Presented by Lauren E. Robbins, CFP®
When it comes to retirement accounts, many investors fail to think about required minimum distributions (RMDs). This oversight can lead to unnecessary tax burdens and other financial issues. In order to handle RMDs effectively, an understanding of the rules and common misconceptions can be beneficial.
Misconception: I took an RMD from my 401(k). This will satisfy both the RMD for that account and the one I have to take for my IRA and any other account.
What the rules say: RMDs can be aggregated for certain accounts. For instance, if you have two traditional IRAs and each has an RMD of $1,000, you can withdraw $2,000 from one account to satisfy both RMDs. RMDs for SEP and SIMPLE IRAs can be aggregated with traditional IRAs as well.
This same RMD aggregation rule can be applied to multiple 403(b) plans. You cannot, however, take an RMD from a 403(b) plan to satisfy an RMD from an IRA. And when it comes to 401(k)s and other non-IRA accounts, such as profit-sharing plans, you must take a separate RMD from each plan.
Misconception: My mother passed away and left me her IRA. She hadn’t yet taken an RMD for the year. I don’t need to take one either.
What the rules say: When you inherit a traditional IRA from which the decedent (i.e., original account owner) was taking RMDs, it is up to you as the beneficiary to satisfy any missed distribution and to pay the taxes on that distribution at your marginal tax rate. If there are multiple beneficiaries, the RMD amount is typically divided among the group, and each person is responsible for paying taxes on his or her portion from his or her own IRA beneficiary distribution account (BDA).
Tip: When multiple siblings are involved, one beneficiary may want to take a lump-sum distribution of the inherited account, rather than continue taking RMDs from an IRA BDA. In this case, the sibling taking the lump sum could use some of those funds to satisfy the decedent’s missed RMD, leaving the other siblings’ IRA BDAs intact until they reach their required beginning date and have to start taking their personal RMDs. Of course, this would require the sibling taking the lump-sum distribution to agree to the solution.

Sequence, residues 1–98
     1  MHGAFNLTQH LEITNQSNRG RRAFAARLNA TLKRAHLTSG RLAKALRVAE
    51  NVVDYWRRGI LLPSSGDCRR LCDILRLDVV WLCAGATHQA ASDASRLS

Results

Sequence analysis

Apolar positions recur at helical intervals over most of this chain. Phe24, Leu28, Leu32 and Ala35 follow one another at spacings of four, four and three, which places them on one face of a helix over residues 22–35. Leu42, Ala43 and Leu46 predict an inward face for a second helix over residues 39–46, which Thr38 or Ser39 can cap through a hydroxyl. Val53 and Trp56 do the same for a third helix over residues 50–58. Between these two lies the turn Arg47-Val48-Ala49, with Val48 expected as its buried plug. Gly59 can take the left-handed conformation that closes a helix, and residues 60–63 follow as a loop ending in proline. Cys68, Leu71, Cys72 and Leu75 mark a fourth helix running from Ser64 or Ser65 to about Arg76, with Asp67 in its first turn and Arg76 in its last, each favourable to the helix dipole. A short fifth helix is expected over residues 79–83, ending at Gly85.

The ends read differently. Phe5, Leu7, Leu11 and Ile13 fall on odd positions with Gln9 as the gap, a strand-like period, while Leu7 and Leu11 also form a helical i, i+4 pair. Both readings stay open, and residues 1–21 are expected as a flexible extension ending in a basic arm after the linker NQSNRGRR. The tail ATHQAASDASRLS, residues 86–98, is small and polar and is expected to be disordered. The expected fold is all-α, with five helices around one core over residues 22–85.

Misconception: I inherited an IRA BDA from a relative. I can base the RMDs on my own life expectancy.
What the rules say: Generally, RMDs from an inherited retirement vehicle are based on the beneficiary’s life expectancy. That isn’t the case when the account was previously inherited by another person—in that situation, the RMDs continue to be based on the previous beneficiary’s life expectancy. So, if A dies and leaves an IRA to B, B now has an IRA BDA. When B dies and leaves the IRA BDA to C, C must withdraw RMDs as if B, the original beneficiary, were still alive.
Misconception: I inherited a Roth IRA. I know my own Roth does not have RMDs. The same rule must apply to this inherited account.
What the rules say: Even though the account is a Roth IRA, because it is an inherited IRA—and, thus, a BDA—it is subject to IRA BDA rules, which means that RMDs must be taken.
Misconception: I just retired and have a substantial RMD due from my 401(k) plan and a small RMD due from my traditional IRA. I can just roll the 401(k) into the IRA and take the smaller RMD.
Quick Facts About RMDs
What the rules say: Although you can roll your 401(k) into a traditional IRA, the RMD amount is not eligible for rollover and must be taken from the 401(k) prior to the rollover. If, for some reason, the financial institution allows the RMD to be rolled with the other eligible assets, action must be taken to remove the RMD amount from the receiving IRA. Technically, the RMD amount attributed to the 401(k) was satisfied when the rollover occurred and now represents an ineligible excess contribution in the IRA. The RMD amount for the 401(k) must be removed as a return of excess contribution from the IRA (not a normal distribution) and returned to you.
Tip: The rules state that the required beginning date (RBD) for RMDs from a noninherited IRA is April 1 of the year following the year in which the account owner turns age 70½ or retires, whichever is later. The account owner in the above example, who retired in 2018, would have until April 1, 2019, to take RMDs from both accounts. The amounts of the RMDs would be based on the year-end 2017 value of each account.
Misconception: I am still working, so I don’t have to take an RMD from my SEP or SIMPLE IRA at my current employer.
What the rules say: Although you do not have to take an RMD from a 401(k) plan if you are still working, this exception does not exist for SEP or SIMPLE IRAs. Once you reach age 70½, regardless of employment status, RMDs need to come out of SEP and SIMPLE plans.
Ironically, if you are still working and active in the SEP or SIMPLE plan, you can continue to make contributions, even though you are also taking RMDs.
Misconception: I have a Roth 401(k) or 403(b), and just like my Roth IRA, I don’t need to take RMDs.
What the rules say: One of the more puzzling rules regarding RMDs is the fact that Roth 401(k) and Roth 403(b) plans both have RMDs. This is after-tax money, so the RMD does not increase your tax burden like a distribution from a traditional IRA would, but it can be a nuisance because, if you miss taking it, you will incur a 50-percent penalty. It may be smart to roll over these designated Roth accounts into a Roth IRA prior to the date you must start taking RMDs. Be aware, however, that if an RMD is due, that portion of the account balance is ineligible for rollover.
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